- David W. Conklin (1991), Comparative Economic Systems, Cambridge University Press, 427 pp.
- George Sylvester Counts (1970), Bolshevism, Fascism, and Capitalism: An Account of the Three Economic Systems.
- Robert L. Heilbroner and Peter J. Boettke (2007). "Economic Systems". The New Encyclopædia Britannica, v. 17, pp. 908-15.
- Harold Glenn Moulton, Financial Organization and the Economic System, 515 pp.
- Jacques Jacobus Polak (2003), An International Economic System, 179 pp.
- Frederic L. Pryor (1996), Economic Evolution and Structure: 384 pp.
- Frederic L. Pryor (2005), Economic Systems of Foraging, Agricultural, and Industrial Societies'', 332 pp.
economical in Arabic: نظام اقتصادي
economical in Bulgarian: Икономическа структура
economical in German: Wirtschaftssystem
economical in Estonian: Majandus
economical in Spanish: Sistema económico
economical in French: Système économique
economical in Indonesian: Sistem perekonomian
economical in Italian: Sistema economico
economical in Hebrew: משטר כלכלי
economical in Georgian: ეკონომიკური სისტემა
economical in Hungarian: Gazdasági rendszer
economical in Russian: Экономические системы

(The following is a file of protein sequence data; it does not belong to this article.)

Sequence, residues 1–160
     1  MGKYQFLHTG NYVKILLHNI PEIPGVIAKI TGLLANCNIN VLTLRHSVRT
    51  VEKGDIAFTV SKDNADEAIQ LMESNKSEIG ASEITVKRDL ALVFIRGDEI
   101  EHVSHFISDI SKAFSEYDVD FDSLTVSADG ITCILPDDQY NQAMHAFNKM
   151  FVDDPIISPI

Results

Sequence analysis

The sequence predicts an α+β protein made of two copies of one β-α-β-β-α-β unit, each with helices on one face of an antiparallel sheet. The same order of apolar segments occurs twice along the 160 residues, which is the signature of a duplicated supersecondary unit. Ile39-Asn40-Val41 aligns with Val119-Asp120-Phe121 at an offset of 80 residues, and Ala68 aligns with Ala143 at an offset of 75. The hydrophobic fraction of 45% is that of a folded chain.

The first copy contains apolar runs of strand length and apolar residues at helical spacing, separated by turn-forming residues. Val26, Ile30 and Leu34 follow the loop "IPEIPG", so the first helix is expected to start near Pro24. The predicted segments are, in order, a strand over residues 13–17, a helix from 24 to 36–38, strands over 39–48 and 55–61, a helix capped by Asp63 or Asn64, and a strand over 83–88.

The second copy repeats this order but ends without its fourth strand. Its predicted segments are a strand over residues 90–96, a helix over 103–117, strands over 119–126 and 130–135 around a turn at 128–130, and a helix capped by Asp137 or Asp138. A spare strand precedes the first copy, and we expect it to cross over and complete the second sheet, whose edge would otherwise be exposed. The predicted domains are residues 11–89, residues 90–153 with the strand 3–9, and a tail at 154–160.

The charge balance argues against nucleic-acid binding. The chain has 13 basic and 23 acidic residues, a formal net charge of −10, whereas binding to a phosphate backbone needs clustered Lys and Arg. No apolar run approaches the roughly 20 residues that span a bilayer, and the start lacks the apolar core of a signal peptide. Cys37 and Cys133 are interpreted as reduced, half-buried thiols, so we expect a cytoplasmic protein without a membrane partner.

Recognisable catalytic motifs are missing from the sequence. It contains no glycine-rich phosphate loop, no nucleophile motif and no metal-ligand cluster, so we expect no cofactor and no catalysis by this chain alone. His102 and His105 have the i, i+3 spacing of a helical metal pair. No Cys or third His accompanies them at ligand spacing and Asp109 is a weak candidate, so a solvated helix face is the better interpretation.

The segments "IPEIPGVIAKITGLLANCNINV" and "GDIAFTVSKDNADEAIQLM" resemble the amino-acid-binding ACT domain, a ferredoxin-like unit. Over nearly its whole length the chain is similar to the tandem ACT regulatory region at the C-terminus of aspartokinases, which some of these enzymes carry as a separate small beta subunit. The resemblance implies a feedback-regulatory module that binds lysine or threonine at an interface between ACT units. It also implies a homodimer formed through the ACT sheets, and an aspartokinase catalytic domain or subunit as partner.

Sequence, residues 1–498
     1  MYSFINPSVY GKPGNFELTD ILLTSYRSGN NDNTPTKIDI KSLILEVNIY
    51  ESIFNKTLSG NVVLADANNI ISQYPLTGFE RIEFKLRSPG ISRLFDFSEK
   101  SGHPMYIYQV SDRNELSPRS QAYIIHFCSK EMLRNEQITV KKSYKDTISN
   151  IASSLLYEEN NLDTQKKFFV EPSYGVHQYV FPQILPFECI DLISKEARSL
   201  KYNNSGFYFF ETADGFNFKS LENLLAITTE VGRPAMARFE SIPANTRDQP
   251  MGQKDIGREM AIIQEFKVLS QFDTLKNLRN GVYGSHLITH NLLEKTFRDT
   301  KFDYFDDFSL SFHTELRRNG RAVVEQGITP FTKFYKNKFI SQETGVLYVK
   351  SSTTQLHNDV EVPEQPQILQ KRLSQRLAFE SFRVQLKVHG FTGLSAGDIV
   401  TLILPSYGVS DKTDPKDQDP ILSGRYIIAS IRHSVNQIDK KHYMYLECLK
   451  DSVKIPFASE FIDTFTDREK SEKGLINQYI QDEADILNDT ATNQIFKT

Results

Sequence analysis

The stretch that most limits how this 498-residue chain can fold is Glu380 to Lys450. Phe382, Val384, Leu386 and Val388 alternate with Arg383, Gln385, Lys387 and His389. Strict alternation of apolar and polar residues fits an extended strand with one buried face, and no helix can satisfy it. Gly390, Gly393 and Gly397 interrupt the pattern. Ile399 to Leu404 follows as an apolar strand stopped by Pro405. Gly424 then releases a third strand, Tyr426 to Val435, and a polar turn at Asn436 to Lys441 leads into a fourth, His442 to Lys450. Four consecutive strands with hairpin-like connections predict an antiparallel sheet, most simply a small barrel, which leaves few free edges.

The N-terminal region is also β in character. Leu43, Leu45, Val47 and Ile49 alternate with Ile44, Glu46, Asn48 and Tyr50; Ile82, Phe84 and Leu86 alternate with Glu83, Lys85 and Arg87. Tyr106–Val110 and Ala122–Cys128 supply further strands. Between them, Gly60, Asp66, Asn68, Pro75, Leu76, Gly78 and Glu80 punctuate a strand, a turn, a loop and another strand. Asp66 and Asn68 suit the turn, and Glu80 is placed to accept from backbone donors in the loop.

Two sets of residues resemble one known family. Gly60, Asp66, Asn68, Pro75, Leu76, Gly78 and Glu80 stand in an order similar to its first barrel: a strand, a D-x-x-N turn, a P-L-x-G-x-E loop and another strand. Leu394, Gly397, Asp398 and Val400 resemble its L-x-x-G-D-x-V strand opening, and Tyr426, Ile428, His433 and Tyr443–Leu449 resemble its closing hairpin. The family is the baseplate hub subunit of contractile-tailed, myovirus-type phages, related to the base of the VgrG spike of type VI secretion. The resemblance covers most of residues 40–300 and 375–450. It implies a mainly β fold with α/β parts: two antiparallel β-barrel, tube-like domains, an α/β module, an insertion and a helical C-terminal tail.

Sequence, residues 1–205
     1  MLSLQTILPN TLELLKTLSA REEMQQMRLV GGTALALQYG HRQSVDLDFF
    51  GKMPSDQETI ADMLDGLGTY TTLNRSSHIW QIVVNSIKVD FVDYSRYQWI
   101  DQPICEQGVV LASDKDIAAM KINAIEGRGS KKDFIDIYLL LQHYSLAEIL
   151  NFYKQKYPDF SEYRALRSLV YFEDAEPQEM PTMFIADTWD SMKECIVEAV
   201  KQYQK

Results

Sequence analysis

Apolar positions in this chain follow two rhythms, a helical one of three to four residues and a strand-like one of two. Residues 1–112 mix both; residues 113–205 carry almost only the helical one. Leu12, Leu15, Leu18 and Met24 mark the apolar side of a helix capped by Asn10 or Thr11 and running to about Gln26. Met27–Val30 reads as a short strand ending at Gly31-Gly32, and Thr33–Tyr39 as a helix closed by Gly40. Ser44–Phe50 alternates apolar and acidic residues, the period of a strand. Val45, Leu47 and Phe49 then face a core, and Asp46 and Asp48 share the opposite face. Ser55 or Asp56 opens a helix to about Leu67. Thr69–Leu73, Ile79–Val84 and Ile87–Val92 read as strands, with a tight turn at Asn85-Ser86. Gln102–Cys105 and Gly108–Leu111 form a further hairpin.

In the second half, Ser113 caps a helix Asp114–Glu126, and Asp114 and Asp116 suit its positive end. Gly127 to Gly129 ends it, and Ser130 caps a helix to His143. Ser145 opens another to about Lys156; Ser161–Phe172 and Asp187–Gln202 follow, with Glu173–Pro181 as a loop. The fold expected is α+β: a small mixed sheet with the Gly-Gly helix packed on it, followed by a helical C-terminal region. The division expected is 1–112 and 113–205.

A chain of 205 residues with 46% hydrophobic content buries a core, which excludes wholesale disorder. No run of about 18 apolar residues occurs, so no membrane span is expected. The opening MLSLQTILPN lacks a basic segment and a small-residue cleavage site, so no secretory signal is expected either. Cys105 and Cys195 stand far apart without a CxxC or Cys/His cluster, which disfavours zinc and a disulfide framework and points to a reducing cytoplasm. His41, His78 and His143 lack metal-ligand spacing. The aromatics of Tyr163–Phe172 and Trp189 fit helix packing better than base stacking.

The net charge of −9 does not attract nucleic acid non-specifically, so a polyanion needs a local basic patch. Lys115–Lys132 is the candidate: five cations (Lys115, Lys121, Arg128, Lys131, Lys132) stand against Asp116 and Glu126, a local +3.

economical in Simple English: Economy
economical in Slovak: Ekonomický systém
economical in Finnish: Talousjärjestelmä
economical in Swedish: Ekonomiskt system
economical in Tamil: பொருளாதார அமைப்புக்கள்
economical in Yiddish: ווירטשאפט
economical in Chinese: 经济体系
Scotch, budget, canny, careful, chary, cheap, cheeseparing, close, conservative, conserving, easy, economic, economizing, economy, forehanded, frugal, inexpensive, labor-saving, low, low-priced, manageable, mean, miserly, moderate, modest, money-saving, niggardly, nominal, parsimonious, penny-pinching, penny-wise, penurious, politico-economic, provident, prudent, prudential, reasonable, saving, scrimping, sensible, shabby, shoddy, skimping, socio-economic, spare, sparing, stingy, thrifty, tight, tight-fisted, time-saving, token, unexpensive, unwasteful, within means, worth the money